Tag: Redpoint Global

Healthcare Consumers Voice An Expectation for Personalized Experiences

Chris Evanguelidi

By Chris Evanguelidi, director, enterprise healthcare market, Redpoint Global.

In a new survey of more than 1,000 U.S. healthcare consumers conducted by Dynata and commissioned by Redpoint Global, more than 80% of respondents said that they prefer to use digital channels (online messaging, virtual appointments, texts, etc.) to communicate with healthcare providers and brands at least some of the time, and 40% prefer digital communications most of the time.

Along with digital-first communications and experiences becoming a standard expectation, consumers are also on record that they want their providers to display a deep, personal understanding across the full spectrum of engagement touchpoints and channels. In the survey, 60% of consumers said they would choose a provider based on how well the provider understands them, beyond patient data, so that the experience is relevant and personalized. Beyond patient data means that a provider has a single view of the healthcare consumer, to include clinical and claims data, consumer and social determinants of health (SDOH) data such as economic stability, access to health care, etc.

Furthermore, 66% said the selection of a provider was dependent on the provider’s ability to communicate in a timely and consistent manner.

Examples of the depth of understanding that patients now expect – and that are also indicative of the digital-first mindset – are a provider’s ability to proactively contact patients at the right time and in the right context (e.g., via text, email or online portal). Nearly half (44%) of respondents expressed that this ability is now the expectation. And 36% said they expect communications from their provider to match their in-person experiences in terms of relevancy, consistency and outcomes.

In a recent Harris Poll survey about marketer and consumer perceptions about customer experiences across various industries, consumers consistently ranked healthcare third (behind retail and financial services) in terms of providing a consistent experience that demonstrates a thorough understanding of the customer. Yet when consumers were asked which industry should provide the most consistent experience that demonstrates a thorough understanding, healthcare polled first.

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Data and An Omnichannel Customer Experience Breathe Life Into Healthcare Consumerism

Chris Evanguelidi

By Chris Evanguelidi, director, enterprise healthcare market, Redpoint Global.

In a new Harris Poll survey commissioned by Redpoint Global, consumers ranked healthcare near the bottom among several industries in delivering an “exceptional customer experience.” Just 13% regarded their experiences as exceptional, about equal with travel/hospitality but significantly below retail (26%) and financial services (23%).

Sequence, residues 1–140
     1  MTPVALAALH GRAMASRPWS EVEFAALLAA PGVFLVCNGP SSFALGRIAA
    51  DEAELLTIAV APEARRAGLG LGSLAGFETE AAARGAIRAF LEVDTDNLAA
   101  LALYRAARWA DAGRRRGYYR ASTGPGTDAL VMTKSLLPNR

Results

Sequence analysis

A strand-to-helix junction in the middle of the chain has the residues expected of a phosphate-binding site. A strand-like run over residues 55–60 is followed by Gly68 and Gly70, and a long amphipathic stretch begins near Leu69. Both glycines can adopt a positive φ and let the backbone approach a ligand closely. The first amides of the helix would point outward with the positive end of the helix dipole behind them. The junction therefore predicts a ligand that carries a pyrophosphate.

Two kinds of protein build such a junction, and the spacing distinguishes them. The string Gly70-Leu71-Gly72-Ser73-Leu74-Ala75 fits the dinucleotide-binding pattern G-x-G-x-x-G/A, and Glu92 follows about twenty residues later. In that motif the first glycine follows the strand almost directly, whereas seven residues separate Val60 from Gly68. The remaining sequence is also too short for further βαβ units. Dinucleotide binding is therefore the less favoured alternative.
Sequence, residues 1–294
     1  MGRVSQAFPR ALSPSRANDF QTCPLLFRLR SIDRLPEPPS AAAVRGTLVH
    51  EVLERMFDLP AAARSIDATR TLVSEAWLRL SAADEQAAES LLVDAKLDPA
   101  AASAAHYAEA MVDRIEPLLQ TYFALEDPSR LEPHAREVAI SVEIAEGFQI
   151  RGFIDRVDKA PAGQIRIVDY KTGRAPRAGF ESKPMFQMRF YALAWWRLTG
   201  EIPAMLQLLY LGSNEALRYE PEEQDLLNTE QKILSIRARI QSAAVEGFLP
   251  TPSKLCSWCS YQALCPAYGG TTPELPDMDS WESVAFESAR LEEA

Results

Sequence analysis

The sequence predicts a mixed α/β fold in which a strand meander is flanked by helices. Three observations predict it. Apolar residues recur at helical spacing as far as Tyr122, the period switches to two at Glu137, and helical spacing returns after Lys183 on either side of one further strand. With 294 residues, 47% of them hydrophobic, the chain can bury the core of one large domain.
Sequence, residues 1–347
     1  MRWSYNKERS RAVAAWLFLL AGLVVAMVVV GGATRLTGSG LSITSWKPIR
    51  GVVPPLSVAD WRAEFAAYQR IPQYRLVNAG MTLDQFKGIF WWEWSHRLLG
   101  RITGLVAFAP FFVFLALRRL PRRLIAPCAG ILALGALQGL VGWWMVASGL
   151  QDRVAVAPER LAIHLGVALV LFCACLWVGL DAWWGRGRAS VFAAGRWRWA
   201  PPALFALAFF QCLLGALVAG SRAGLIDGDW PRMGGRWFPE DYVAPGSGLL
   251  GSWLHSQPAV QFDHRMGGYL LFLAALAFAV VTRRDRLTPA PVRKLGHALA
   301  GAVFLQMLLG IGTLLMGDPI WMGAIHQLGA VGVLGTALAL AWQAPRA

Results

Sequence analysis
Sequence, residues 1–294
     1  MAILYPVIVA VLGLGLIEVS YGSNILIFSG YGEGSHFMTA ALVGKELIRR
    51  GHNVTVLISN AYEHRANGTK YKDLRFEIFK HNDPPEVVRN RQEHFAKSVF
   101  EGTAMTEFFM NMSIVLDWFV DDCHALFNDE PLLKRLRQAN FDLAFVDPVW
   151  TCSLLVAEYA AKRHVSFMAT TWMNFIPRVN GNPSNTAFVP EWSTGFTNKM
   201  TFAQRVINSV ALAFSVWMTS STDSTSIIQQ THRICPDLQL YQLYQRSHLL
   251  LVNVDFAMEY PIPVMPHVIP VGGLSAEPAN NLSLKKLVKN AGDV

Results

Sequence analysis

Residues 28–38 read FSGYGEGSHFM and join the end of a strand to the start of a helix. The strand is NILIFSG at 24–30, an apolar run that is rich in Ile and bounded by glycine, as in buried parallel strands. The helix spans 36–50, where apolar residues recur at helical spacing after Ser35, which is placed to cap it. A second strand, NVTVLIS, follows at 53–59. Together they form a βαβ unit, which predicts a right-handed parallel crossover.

Interestingly, when asked which industry should be the best at providing such an experience, healthcare polled first in three of four elements of customer experience (CX). More than a quarter of all consumers surveyed expect healthcare should rank first in personalization, consistency and customer understanding. (Only financial services ranked ahead of healthcare in the privacy dimension, 34% to 28%.)

An expectation for a consistently personalized experience in which a healthcare provider or insurer exhibits a personal understanding of a consumer is the core of the healthcare consumerism movement, which is a recognition and affirmation that the healthcare consumer controls an individual healthcare journey. Yet consumers increasingly question why fragmentation along channels, locations and data seems to be the norm.

A face-to-face meeting with a physician may provide an overall positive experience, but for the patient, it is only part of a journey, which may have included research, questions and appointment setting before the doctor visit, and follow up care, prescriptions, payments and further research after the point of care.

When the customer journey is disjointed, it becomes very difficult for any stakeholder in the consumer’s care to have a personal understanding beyond their area of interest. This, in turn, further erodes a seamless experience because the next steps are not optimized based on a unified, up-to-date view of the consumer. Social determinants of health, engagement preferences, behaviors, existing care gaps and other data points need to be presented to payers and providers in real time, at the point of interaction, to deliver the consistent, personalized experience consumers have come to expect.

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